• After Making A Big Fuss About Group FaceTime, Apple Is Delaying It To A Later Update
    When Apple announced the iOS 12 software at WWDC in June, it made a huge fuss about Group FaceTime calls. It would allow you to make FaceTime video calls to up to 31 people simultaneously. Apple fans were excited. But […] The post After Making A Big Fuss About Group FaceTime, Apple Is Delaying It To A Later Update appeared first on ValueWalk.
  • Tinder's founders are suing Match Group and IAC saying they've been ripped off — and they're seeking at least $2 billion in damages (IAC, MTCH)
    A group of early Tinder employees, including cofounders Sean Rad and Jonathan Badeen, announced on Tuesday that they filed a lawsuit against InterActiveCorp and Match Group, the owners of Tinder, a popular dating app.  They're alleging that IAC undervalued Tinder, and used a lowball valuation based on false information to reduce the value of stock options that early employees and founders held. Tinder operates on a day-to-day basis independently from IAC and Match, according to the plaintiffs. Business Insider has reached out to Match Group for comment on the lawsuit and its allegations. Developing...Join the conversation about this story » NOW WATCH: Everything Samsung just announced — the Galaxy Note 9, Fortnite, and more
  • Oscar Health just raised $375 million from Alphabet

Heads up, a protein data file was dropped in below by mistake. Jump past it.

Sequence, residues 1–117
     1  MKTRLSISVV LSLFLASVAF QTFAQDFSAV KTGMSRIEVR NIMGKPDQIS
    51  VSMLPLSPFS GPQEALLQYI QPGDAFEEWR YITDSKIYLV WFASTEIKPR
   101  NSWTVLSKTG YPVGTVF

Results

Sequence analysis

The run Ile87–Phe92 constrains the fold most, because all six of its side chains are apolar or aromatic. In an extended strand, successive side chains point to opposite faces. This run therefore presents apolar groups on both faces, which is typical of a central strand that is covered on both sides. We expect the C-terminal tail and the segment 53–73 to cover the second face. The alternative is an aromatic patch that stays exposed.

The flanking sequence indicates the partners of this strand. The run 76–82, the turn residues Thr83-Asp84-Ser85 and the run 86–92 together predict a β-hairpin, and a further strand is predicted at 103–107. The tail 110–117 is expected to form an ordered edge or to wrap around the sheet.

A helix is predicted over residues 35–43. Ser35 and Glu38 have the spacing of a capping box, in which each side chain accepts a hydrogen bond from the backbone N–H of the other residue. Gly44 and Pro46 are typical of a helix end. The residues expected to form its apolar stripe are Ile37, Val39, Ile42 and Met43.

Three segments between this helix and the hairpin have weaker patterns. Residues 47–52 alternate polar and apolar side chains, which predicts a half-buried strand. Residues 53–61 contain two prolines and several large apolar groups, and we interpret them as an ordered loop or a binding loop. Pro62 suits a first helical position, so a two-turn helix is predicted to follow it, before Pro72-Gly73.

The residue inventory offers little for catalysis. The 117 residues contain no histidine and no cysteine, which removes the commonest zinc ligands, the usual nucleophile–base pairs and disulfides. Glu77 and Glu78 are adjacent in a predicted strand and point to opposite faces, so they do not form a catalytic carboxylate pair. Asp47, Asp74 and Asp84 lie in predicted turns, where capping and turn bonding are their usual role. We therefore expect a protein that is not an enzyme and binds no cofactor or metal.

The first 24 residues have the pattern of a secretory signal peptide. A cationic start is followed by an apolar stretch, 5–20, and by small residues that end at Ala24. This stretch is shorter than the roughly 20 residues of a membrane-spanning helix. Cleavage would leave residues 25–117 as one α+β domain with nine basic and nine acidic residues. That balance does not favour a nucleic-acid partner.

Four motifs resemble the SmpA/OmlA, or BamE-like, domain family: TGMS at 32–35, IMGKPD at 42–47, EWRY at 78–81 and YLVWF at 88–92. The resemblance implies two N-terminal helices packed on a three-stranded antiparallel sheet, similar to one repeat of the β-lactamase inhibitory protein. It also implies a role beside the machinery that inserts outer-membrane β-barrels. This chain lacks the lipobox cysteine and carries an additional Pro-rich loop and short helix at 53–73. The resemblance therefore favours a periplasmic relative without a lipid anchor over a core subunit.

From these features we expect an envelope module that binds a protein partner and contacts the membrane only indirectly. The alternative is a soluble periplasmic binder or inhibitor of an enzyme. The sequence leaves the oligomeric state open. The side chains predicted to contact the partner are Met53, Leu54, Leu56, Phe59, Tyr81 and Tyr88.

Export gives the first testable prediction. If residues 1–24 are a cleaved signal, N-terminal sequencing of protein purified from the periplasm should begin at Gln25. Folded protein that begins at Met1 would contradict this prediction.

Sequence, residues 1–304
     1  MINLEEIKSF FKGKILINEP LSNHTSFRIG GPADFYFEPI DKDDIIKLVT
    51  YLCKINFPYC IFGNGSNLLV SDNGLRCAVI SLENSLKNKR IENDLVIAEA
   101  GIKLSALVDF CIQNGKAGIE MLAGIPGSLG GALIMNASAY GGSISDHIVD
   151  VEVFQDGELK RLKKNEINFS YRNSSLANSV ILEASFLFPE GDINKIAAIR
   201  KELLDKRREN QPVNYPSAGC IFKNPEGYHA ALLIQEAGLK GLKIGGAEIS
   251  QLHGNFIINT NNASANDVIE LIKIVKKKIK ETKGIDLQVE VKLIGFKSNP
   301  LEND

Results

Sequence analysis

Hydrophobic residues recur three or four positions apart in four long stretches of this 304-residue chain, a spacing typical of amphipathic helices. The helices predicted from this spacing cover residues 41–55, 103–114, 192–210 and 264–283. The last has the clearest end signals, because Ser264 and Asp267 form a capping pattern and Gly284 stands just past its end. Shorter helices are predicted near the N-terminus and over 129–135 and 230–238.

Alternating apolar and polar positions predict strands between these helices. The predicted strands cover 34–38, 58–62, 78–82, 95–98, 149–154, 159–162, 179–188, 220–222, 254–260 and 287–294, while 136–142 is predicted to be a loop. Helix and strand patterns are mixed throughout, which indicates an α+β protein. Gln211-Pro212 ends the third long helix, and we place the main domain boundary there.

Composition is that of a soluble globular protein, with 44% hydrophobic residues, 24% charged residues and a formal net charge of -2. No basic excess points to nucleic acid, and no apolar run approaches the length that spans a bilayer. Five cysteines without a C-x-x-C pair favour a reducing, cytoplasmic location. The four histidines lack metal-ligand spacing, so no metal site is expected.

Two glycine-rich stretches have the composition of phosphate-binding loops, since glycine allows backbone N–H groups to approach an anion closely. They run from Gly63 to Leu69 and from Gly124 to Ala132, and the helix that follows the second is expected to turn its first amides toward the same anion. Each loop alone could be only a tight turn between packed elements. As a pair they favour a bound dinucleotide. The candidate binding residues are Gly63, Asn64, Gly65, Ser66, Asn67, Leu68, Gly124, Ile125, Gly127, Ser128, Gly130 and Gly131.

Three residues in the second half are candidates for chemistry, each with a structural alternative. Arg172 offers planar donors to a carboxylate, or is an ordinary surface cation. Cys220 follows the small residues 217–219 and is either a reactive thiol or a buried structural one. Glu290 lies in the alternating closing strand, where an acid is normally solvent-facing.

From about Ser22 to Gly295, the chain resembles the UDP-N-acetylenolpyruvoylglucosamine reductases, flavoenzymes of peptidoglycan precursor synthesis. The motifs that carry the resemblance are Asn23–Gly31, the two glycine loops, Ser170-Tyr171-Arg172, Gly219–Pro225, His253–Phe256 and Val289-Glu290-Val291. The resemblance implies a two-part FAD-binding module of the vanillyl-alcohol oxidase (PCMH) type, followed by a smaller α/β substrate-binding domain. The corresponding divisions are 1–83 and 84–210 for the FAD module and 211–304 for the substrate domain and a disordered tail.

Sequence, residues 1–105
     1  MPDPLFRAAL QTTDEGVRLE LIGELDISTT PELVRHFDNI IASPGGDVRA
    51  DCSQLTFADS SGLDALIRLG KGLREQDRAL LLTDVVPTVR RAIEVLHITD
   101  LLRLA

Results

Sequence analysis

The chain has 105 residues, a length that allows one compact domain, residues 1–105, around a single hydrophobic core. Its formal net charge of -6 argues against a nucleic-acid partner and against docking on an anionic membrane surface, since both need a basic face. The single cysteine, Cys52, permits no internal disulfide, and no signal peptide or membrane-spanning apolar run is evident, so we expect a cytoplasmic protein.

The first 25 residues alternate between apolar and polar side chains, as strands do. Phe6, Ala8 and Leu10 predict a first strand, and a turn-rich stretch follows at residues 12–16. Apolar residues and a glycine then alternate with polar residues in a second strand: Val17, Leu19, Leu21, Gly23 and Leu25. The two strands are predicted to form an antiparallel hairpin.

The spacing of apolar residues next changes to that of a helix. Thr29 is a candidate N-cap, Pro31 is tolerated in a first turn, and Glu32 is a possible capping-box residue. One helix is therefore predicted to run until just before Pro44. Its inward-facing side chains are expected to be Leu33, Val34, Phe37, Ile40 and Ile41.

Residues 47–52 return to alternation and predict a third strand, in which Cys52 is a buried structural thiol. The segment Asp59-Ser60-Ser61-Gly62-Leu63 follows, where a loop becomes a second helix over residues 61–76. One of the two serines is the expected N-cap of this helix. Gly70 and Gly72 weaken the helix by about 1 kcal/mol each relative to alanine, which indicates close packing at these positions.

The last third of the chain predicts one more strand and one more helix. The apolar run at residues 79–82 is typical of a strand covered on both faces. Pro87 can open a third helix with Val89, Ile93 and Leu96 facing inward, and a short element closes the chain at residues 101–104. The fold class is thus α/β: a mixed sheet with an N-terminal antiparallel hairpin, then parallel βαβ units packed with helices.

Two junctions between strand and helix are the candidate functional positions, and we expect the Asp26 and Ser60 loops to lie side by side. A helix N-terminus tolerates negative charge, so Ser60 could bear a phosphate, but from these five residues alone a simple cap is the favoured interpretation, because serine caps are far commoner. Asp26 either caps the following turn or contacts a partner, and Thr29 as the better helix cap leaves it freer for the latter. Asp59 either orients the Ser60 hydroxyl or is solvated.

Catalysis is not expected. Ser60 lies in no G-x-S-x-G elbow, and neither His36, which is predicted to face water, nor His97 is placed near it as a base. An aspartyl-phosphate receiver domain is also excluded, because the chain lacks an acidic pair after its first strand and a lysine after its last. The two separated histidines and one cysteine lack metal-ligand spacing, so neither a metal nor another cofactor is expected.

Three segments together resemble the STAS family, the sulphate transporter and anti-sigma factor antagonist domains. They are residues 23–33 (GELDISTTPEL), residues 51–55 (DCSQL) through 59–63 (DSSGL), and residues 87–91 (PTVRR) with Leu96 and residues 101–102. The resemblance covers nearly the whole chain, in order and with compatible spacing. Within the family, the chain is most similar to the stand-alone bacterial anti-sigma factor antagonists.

Oscar Health just raised an additional $375 million from Alphabet, bringing the health insurer's total funding up to more than $1 billion.  As part of that raise, Oscar CEO Mario Schlosser told Wired, the company plans to expand beyond the individual healthcare exchanges and small employer market and into the Medicare Advantage market, caring for people 65 and older.  Oscar Health just got a cool $375 million from Google's parent company to bring its tech-backed health insurance plans to more people.  In total, the company has now raised more than $1 billion. Its last-reported valuation was $3.2 billion.  Co-founded in 2012 by Josh Kushner, whose brother Jared a senior adviser to President Donald Trump, Oscar Health is a health-insurance startup that got its start operating on the Affordable Care Act's insurance exchanges. The goal is to be a more consumer-friendly insurance option by integrating technology. It also works with small businesses to provide health insurance.  In 2019, Oscar plans to be in nine states, including Florida, Arizona and Michigan. As part of the additional funding, Oscar CEO Mario Schlosser told Wired that the company plans to go beyond the individual exchanges and small employer market and into the Medicare Advantage market. When seniors in the US turn 65, they can choose to be part of either traditional Medicare or Medicare Advantage, which is operated through private insurers like Oscar and often provides additional healthcare benefits. Oscar's plan to move into the Medicare Advantage market will put it up against startups like Clover Health and Devoted Health.  See also: US investors are pouring hundreds of millions into a healthcare company that doesn’t take insurance and lists its prices like a 'McDonald's menu' Meet the 30 healthcare leaders under 40 who are using technology to shape the future of medicine One of America's largest healthcare companies wants to use AI to 'solve some of the most wicked problems in healthcare' SEE ALSO: The billion-dollar healthcare unicorns you should be watching in 2018 SEE ALSO: A VC who invested in Oscar and Flatiron Health explains why he sees disagreement about an investment as a sign it's a killer deal Join the conversation about this story » NOW WATCH: NASA is flying a $1.5 billion spacecraft into the sun — here's why
  • Meet the 3 Tesla board members set to decide on Elon Musk's go-private plan (TSLA)